A big part of gardening is finding solutions to plant-related challenges. I found myself in that position, faced with a hillside yard that was too steep to safely mow, and too large to easily dig up and replant. The solution to addressing this challenge was sheet mulching, a method that can be used on many types of areas that a gardener wants to prepare for new planting.
The gardening literature includes a wide range of instructions for implementing this process, which is also referred to as lasagna composting. This article will describe the major considerations and this gardener’s recent experience.
Sheet mulching achieves two major goals. First, it kills the grass and weeds that would prevent a new garden from flourishing, and second, it creates good soil for the new plantings. The main materials are sheets of cardboard or paper, at least one source of carbon (referred to as “browns” in composting terms), at least one source of nitrogen (referred to as “greens” in composting terms) and water.
The cardboard layer is placed directly on the target area, ideally after mowing as low as possible, then covered with the browns and greens. Make sure that the cardboard is devoid of any tape or staples, with as little ink as possible. Larger sheets make the process easier, especially if you are covering a large or sloped area. Secure the cardboard with stakes and bricks as needed until the biological processes are sufficiently underway to stop the material from slipping or blowing away. Once the cardboard is in place, begin regular watering.
Collecting and adding the browns and greens will be the most time-consuming work of the project. Since sheet mulching is a cold composting process, you want to avoid any materials that would introduce unwanted seeds or diseases, or that would take too long to decompose. For example, use cut grass instead of weeds from your garden or food scraps; shredded leaves or shredded newspaper is better than branches. Watering after each new batch of materials is applied will help keep the material in place and allow for the natural decay to occur faster. All of the cardboard layers should be fully covered with sufficient material to maintain several inches of coverage even after settling.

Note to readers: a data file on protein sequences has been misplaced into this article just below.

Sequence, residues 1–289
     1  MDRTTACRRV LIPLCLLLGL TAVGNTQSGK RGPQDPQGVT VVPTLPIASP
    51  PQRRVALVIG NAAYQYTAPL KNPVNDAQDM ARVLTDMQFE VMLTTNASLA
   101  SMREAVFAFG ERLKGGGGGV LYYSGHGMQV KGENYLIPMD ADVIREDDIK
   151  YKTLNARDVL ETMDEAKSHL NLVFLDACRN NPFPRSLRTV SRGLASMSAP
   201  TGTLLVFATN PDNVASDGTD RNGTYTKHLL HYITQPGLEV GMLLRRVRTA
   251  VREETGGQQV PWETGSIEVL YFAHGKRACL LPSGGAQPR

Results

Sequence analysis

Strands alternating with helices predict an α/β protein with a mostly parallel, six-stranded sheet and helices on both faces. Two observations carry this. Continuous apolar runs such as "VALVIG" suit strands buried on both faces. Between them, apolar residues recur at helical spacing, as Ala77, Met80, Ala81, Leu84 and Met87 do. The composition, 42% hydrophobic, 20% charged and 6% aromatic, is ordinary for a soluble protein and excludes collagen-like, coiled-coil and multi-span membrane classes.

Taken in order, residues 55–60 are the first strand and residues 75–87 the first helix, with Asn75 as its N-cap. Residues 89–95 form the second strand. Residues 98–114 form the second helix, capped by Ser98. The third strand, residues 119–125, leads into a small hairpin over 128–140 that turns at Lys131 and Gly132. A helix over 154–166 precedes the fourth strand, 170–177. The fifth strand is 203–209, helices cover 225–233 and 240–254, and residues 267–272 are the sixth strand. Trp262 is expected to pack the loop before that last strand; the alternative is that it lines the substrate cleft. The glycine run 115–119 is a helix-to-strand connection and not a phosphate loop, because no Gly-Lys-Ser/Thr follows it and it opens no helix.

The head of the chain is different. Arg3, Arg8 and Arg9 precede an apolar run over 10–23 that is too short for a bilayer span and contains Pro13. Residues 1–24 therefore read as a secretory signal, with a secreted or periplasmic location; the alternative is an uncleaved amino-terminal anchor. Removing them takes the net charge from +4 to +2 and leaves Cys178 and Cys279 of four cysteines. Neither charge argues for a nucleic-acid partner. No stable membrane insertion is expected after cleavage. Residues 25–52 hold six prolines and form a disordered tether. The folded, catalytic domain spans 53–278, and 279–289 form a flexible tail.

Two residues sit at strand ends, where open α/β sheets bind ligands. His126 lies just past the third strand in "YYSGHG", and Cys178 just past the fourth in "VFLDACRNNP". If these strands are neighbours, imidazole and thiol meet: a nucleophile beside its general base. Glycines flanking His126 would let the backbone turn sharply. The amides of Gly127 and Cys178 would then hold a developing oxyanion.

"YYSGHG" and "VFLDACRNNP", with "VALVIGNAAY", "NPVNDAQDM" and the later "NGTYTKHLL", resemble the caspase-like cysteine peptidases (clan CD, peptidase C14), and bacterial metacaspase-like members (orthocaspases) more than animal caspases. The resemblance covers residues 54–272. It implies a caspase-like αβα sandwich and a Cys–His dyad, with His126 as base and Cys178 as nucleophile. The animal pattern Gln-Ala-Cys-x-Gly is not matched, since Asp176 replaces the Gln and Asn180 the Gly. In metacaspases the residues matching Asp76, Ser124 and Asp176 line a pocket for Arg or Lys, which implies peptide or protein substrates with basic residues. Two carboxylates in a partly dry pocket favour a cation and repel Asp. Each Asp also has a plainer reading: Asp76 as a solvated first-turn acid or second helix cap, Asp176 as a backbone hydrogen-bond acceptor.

When is the right time of year to sheet mulch? There are sound arguments to be made for both spring and fall. I did a test area in the spring, and it was ready for planting by the fall. Since dry leaves were not available in the spring, I had to work harder to secure good “browns,” but found that shredded newspaper mixed well with grass clippings. This area was able to be pre-seeded with a light covering of straw in late fall and should be ready to produce in early spring.
In the fall, it is much easier to apply a mix of grass clippings and chopped-up fall leaves to the secured cardboard. Either spring or fall preparation will benefit from the addition of mushroom manure or clean soil, primarily to help secure the compost material in place – this layer is not necessary, but certainly helpful. The key outcome is to have an area where the mulching material has broken down, requiring only minimal preparation with a metal rake before planting.
A sheet mulching process is now underway in front of the Beaver County Courthouse where Master Gardeners are preparing to plant a demonstration garden in the spring. The approach to this garden involved laying out thick paper and covering it with a blend of soil and bark mulch.
There are lots of variations on the details of preparing a new area for planting with sheet mulching. But it is a long-standing solution to the challenge of preparing a new garden. If you have more questions about this process, please contact our Garden Hotline at [email protected] Master Gardeners are on hand year-round to answer all your plant and pest questions.
Katie Klaber is a Master Gardener with Penn State Extension, Beaver County.